If the term Microservice is new to you then chances are that you’re thinking the same thing that went through my mind when I first heard the term.
“Oh great, yet another new technology that I need to learn about!”
Thankfully you needn’t worry, as Microservices Architecture is just a new name for a concept that you’re likely already familiar with.
A Quick Introduction to Microservices:
Put simply, a microservice is a small and independently deployable service that typically sits alongside other small and independently deployable services, collectively forming a larger web application.
You could consider Microservices Architecture to be the opposite of Monolithic Architecture. Instead of a single, self contained application built using tightly coupled and interdependent components, instead an application built following the rules of Microservices Architecture would be made up of lots of smaller loosely coupled modules that run independently of each other.
Rather than scaling vertically by migrating the entire application to more powerful hardware, with Microservices it is easier to scale horizontally by identifying which services need more resources and simply spinning up more instances.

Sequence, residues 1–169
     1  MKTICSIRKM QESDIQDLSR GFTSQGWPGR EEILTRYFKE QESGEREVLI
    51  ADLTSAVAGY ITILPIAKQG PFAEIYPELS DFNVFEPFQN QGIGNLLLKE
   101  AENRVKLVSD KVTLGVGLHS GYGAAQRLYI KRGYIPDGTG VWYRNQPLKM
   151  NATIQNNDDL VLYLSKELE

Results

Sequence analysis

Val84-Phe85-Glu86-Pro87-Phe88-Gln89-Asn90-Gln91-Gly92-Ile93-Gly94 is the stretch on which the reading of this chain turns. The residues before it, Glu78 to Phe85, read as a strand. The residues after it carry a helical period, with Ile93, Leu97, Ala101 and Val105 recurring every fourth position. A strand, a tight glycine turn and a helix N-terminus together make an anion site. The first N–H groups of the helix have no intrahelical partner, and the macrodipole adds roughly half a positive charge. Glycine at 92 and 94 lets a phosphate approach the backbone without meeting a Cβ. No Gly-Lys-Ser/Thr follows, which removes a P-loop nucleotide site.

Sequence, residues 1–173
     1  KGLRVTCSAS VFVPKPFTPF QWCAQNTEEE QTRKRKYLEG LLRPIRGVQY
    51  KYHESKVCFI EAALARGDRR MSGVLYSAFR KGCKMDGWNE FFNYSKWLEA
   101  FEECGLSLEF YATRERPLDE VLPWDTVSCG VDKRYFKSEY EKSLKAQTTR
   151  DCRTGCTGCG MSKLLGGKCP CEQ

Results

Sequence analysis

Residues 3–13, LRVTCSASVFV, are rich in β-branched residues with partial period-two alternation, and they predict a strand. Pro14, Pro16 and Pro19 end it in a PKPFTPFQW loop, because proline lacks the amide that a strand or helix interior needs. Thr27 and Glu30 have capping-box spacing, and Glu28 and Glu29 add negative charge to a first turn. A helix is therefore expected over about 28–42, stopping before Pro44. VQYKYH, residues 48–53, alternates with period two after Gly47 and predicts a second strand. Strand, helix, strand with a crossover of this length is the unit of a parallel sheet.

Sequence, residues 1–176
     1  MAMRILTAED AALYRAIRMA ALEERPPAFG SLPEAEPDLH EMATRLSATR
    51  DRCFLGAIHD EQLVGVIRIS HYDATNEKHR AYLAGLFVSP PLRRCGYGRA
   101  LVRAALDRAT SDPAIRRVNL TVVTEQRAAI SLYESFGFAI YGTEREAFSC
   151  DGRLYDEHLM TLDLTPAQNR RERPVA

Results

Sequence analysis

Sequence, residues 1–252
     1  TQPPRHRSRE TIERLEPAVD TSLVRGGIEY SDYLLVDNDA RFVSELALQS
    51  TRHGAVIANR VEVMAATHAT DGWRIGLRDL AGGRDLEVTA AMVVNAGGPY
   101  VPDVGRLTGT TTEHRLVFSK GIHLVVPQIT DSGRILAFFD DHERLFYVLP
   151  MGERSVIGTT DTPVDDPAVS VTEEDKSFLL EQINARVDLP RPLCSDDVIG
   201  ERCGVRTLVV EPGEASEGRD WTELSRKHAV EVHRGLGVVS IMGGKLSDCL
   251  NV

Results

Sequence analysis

With each microservice being an independent service, it naturally becomes easier to have smaller teams working on each microservice. It also means services can be written in different languages, allowing developers to use the best tool for the job and make use of the latest technologies.
Releasing updates no longer means redeploying the entire application. Instead, only the service being modified needs to be redeployed which also means the deployment is much faster.
If one of the microservices is experiencing a problem, it no longer automatically brings the whole system down. Instead, the application may be able to continue running albeit with reduced functionality. The fault is also easier to find as each service can be individually monitored.
If you would like to learn more about microservices, a good place to start would be this guide by SmartBear, which goes into detail about the characteristics and advantages/disadvantages, as well as giving more information about how they actually work.
We have also been working on examples that show how to run our software as a microservice, so if you would like some hands-on experience then you can check out our guide for running BuildVu from other languages.
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